Not on display
This is the left half of a double-page spread continued on D12018; Turner Bequest CLIII 14, opposite, recording the East Lodges at Farnley Hall, with the house itself beyond to the right, with a figure setting up posts by the side of drive to the right. The present page also has several architectural details of the window, chimney, gate piers, railings and gates, together with a detailed drawing of Farnley Hall as seen from the East, bottom right. The spread served as the basis of a watercolour, East Lodges, Farnley Hall (private collection),1 painted for Walter Fawkes about 1818 and numbered and names as ‘20 New Lodge’ in the list of Farnley and related subjects compiled by Turner in the present sketchbook (D12013; Turner Bequest CLIII 11a). The detail of Farnley Hall from the East is the same view as in another watercolour, Farnley Hall from the East (private collection)2; however, that is based on a more detailed sketch in the Devonshire Rivers, No.3, and Wharfedale sketchbook (Tate D09810–D09811; Turner Bequest CXXXIV 18a–19).
These lodge gates were evidently designed by Turner himself. A manuscript catalogue of the Farnley Hall collection compiled in 18503 lists the related watercolour as ‘East Lodge designed by J M W Turner’, and the attribution was endorsed by Effie Ruskin (later, Millais).4 This being the case, the relation of the sketch and watercolour to the building begs further consideration. The sketch appears to record the building as just finished, for the detail of the workman setting posts is a very natural finishing touch. It is not quite so clear, however, why Turner would expend so much detail in recording minutiae of a building that he had designed himself, but presumably any proper plans and instructions, if any such ever existed, were utilised by the builder.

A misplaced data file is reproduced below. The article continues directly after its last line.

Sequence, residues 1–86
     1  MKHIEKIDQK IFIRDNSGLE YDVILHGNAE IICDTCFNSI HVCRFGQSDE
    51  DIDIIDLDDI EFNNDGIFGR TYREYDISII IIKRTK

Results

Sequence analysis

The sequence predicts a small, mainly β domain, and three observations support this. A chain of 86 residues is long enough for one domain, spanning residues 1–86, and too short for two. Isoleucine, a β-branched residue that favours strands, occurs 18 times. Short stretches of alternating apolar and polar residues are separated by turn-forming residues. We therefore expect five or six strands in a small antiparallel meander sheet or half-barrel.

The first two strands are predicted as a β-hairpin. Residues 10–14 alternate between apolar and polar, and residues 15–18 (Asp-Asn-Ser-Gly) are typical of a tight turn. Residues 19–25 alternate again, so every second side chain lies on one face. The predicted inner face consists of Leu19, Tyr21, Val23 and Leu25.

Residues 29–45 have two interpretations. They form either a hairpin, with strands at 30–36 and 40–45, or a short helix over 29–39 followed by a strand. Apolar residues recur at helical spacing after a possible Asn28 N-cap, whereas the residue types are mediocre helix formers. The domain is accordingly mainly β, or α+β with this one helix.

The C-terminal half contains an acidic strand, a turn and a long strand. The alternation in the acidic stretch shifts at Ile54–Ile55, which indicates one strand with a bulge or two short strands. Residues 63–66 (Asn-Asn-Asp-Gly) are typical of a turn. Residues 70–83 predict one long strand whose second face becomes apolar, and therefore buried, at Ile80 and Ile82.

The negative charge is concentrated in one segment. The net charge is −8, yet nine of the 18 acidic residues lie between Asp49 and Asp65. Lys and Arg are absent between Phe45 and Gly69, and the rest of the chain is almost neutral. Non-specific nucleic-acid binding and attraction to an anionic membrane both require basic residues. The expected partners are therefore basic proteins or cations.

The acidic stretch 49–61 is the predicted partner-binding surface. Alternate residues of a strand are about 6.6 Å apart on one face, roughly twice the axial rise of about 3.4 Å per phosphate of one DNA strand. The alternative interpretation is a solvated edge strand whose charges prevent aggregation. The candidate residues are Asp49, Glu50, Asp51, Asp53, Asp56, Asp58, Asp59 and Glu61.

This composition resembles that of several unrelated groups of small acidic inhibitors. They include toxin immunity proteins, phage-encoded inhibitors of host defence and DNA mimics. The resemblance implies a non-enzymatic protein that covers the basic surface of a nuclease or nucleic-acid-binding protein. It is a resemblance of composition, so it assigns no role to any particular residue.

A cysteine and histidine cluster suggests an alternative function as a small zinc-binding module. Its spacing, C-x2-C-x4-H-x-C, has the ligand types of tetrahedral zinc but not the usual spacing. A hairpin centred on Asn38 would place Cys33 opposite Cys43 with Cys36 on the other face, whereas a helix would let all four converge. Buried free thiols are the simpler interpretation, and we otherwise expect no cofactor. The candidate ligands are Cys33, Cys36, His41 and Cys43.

A detail of a capital very similar to that of the gate piers here occurs inside the back cover of this sketchbook (D40717).
Wilton 1979, p.368 no.589 as ‘Gate and Lodges, Farnley’.
Ibid., p.368 no.587.
Copies in the National Art Library, Victoria and Albert Museum, London, and at Bradford City Libraries.
J..G..Millais, Life and Letters of J. E. Millais, London 1902, p.157 quotes Effie in reporting that ‘[Turner] had a fancy for architecture, but the lodges he planned at Farnley are of a heavy Greek design, and not quite a success’. Effie visited Farnley in the spring of 1850 with her first husband, John Ruskin.
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